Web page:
The year 2014 began, as most do, with black-eyed peas for good luck.
Last call will come Wednesday night with whatever leftovers can be found in the fridge. I might nod off before midnight. You reach a point in your life when auld lang syne becomes old lang syne.
It was a good year, even a great one in stretches. I ate most of my vegetables and stayed out of trouble. I waded in the Atlantic Ocean and stretched my eyes across Tallulah Gorge. I became a grandfather for the first time, and must childproof the house all over again.
A man in the lobby at the Macon Marriott told me I look like Bill Gates. (Except for my wallet, of course.) A lady in a retirement community had me autograph a pair of socks. At a school career day in Warner Robins, a little one asked if I rode around in a limo. (No, that’s Bill Gates.)
Never miss a local story.
I found stories in coffee shops, church pews, baseball dugouts, nursing homes, country stores, on the midway at the fair and the porch at the Ronald McDonald House. Lives were shared across the tables at the Burger King in Macon, the Huddle House in Milledgeville and Maebob’s Diner in Irwinton.
I stood in the shadow of a 110-foot rocket that has been a landmark at the Cordele exit on I-75 for the past 46 years. I shielded my eyes against the sun as Jimmie “The Dove Keeper” Granville released three dozen snow-white doves into the skies above McEvoy Drive in south Macon.
I swept across south Georgia cotton fields in search of the perfect word and found the patch of dirt in Haddock where the 1914 Boston “Miracle” Braves held spring training a century ago. My feet waltzed across the stage at the City Auditorium, a magical night with the Dancing Stars of Central Georgia. I bowed my head at a “Blessing of the Crops” prayer breakfast in Hawkinsville.
Some days I felt like Superman, but most days I dressed like Clark Kent. I stood at Melvie Jane Brown’s bed in a nursing home and marveled how someone who has never walked or talked, with twisted arms and a crooked back, could touch so many lives. I visited a patriotic couple on Houston Road who keep a fresh coat of red, white and blue paint on the stump of a chinaberry tree in their front yard.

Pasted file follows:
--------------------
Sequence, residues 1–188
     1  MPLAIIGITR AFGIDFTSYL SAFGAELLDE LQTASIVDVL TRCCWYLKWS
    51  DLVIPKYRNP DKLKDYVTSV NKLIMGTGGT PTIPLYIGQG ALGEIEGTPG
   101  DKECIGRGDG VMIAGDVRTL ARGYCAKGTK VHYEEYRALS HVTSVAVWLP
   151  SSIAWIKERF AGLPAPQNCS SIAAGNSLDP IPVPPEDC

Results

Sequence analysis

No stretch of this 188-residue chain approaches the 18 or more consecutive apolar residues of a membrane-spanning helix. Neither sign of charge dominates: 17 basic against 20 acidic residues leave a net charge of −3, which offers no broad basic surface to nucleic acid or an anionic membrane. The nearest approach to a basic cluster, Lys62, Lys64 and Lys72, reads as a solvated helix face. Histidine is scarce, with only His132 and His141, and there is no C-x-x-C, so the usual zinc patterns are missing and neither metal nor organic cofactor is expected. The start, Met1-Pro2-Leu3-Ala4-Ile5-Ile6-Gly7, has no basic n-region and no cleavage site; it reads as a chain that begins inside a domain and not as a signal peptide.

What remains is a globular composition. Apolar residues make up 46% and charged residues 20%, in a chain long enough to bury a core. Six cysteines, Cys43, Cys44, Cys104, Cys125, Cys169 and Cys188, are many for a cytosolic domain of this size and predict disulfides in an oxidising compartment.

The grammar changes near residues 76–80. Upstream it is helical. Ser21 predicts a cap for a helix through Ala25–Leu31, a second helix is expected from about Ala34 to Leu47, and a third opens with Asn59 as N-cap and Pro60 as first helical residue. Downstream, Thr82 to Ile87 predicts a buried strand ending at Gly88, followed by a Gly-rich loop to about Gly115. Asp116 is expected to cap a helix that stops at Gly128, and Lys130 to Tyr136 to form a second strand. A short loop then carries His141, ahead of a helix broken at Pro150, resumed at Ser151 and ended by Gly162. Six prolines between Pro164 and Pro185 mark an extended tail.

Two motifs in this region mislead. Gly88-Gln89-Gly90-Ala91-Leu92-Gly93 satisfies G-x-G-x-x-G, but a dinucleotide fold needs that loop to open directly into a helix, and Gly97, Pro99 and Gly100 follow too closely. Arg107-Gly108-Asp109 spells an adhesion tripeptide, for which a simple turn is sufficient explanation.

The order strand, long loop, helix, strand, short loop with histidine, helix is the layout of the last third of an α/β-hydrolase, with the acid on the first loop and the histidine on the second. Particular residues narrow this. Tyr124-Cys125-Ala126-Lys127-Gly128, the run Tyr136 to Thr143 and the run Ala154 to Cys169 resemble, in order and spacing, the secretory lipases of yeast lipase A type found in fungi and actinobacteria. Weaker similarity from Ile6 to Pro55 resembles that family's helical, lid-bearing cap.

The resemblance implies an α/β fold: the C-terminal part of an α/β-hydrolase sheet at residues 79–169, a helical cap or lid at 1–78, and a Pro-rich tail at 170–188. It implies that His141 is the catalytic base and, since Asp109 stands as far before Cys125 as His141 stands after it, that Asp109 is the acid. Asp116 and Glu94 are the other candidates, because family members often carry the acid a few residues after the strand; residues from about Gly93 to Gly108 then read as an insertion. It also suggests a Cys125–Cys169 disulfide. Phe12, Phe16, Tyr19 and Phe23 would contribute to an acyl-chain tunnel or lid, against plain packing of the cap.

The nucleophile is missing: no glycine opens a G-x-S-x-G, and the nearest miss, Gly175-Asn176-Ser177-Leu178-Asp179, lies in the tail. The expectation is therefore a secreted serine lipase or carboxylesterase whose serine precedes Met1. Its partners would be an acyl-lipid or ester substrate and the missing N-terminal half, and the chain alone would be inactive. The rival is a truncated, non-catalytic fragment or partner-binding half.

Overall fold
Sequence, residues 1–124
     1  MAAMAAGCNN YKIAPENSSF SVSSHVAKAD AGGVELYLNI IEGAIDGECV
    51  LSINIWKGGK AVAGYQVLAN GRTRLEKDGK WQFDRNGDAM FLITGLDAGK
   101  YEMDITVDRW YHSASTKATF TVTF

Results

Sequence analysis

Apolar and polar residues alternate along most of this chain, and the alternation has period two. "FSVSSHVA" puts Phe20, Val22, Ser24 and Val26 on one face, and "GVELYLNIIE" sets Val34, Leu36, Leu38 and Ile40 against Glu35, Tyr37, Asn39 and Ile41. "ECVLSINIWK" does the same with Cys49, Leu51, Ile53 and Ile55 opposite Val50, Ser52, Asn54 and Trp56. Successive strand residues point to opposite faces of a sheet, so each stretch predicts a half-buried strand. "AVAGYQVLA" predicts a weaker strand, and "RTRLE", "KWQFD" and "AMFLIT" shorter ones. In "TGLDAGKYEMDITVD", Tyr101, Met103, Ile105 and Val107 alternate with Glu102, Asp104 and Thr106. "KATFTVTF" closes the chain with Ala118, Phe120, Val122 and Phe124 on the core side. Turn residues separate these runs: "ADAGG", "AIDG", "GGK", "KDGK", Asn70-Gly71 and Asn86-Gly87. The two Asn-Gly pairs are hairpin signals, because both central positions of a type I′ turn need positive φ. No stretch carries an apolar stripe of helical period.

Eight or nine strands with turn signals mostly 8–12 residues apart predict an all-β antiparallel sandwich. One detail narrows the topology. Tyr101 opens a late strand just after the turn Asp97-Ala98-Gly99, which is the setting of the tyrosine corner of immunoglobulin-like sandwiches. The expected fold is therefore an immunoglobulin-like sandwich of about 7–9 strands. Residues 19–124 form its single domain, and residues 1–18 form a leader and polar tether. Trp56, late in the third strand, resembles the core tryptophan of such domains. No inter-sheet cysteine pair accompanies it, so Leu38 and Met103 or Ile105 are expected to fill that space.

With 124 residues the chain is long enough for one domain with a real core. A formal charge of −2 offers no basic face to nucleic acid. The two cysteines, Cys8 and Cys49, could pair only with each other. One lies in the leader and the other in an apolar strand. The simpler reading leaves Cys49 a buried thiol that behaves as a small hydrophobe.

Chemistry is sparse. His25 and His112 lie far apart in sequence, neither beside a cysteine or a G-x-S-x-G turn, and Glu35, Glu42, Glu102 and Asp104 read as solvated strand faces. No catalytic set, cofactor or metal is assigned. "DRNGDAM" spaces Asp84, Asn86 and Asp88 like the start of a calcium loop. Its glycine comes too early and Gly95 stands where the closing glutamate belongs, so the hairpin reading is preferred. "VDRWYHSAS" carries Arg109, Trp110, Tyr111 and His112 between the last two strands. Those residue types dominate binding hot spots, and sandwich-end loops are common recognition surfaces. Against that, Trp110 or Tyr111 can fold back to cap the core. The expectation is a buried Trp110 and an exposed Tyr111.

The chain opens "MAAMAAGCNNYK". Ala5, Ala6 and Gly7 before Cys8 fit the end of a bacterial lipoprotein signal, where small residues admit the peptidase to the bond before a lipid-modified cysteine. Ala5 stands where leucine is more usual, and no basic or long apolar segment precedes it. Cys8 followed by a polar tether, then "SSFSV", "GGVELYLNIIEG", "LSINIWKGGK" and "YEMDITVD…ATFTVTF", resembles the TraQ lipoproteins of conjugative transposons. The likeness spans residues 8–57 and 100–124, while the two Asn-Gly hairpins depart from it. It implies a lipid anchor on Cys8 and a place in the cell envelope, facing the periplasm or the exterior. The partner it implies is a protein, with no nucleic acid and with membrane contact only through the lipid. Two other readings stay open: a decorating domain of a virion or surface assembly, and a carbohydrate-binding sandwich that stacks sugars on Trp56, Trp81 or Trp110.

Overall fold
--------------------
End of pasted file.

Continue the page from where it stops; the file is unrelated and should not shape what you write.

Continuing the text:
I chased snowflakes Macon to Warner Robins to Fort Valley to Roberta and Forsyth. I did not accept the “ice bucket challenge.” I did, however, watch “Frozen” and headed to Nu-Way for a “flaky ice cup challenge.”
On an Indian summer morning, I was off to see the gizzard -- a family-owned business in Jones County that is the world’s leading provider of replacement rollers for poultry gizzard processing machines. I was a judge for the dessert contest at the Strawberry Festival in Reynolds. (It’s a tough job, but somebody has to do it.)
I had a much better year than my car. While minding my own business at a stop light on Napier Avenue, I was hit from behind by a “distracted driver.” (I am convinced there is an epidemic.) We broke down on the mountain between Chattanooga and Nashville, Tennessee, and that was frightening. (Delinda had to sit in my lap after the driver of the tow truck decided to bring his wife along.)
We had the alternator replaced in Paducah, Kentucky, and I might write a country song about that one day. On the same trip, we stopped at a mall in St. Louis, not far from a suburb called Ferguson. Who could have known that three weeks later it would become the powder keg of the country?
The year brought its share of sadness. There were too many funerals. Wiley Baxter, the man who inspired the peg-legged caveman in the comic strip B.C., was laid to rest at Macon Memorial Park just three months after his dear wife, Fran, passed away. Leonard Grace, who edited the local Exchange Club bulletins for 55 years without missing an issue (a national record), was promoted to heaven. The passing of Austin Childers, a courageous young man whose family I hold dear, left a hole in my heart.
On a whim, I declared myself a candidate on Election Day. I launched a last-minute campaign on Facebook and received several write-in votes, although I never really made it clear which office I was seeking. Like many of you, I was disgusted when the Atlanta Braves and Falcons announced they are building new stadiums. Given the seasons they both had, I propose we bring back a cheer. “Go Braves!!! ... And take the Falcons with you!!!”
A roundabout opened a few blocks from my office. There have been no major accidents, just a lot of folks driving around dizzy. According to the Farmer’s Almanac, the mortality rate for those who volunteer is 22 percent lower than non-volunteers, so I’m going to sign up for everything in the new year.
Once upon a time, 2015 sounded so futuristic. Now it’s at the front door. It’s the “Year of the Sheep,” but I have no plans to be sheepish.
My horoscope tells me to do what I like and like what I do.
Bring it on.
To contact Gris, call at 744-4275 or email email@example.com.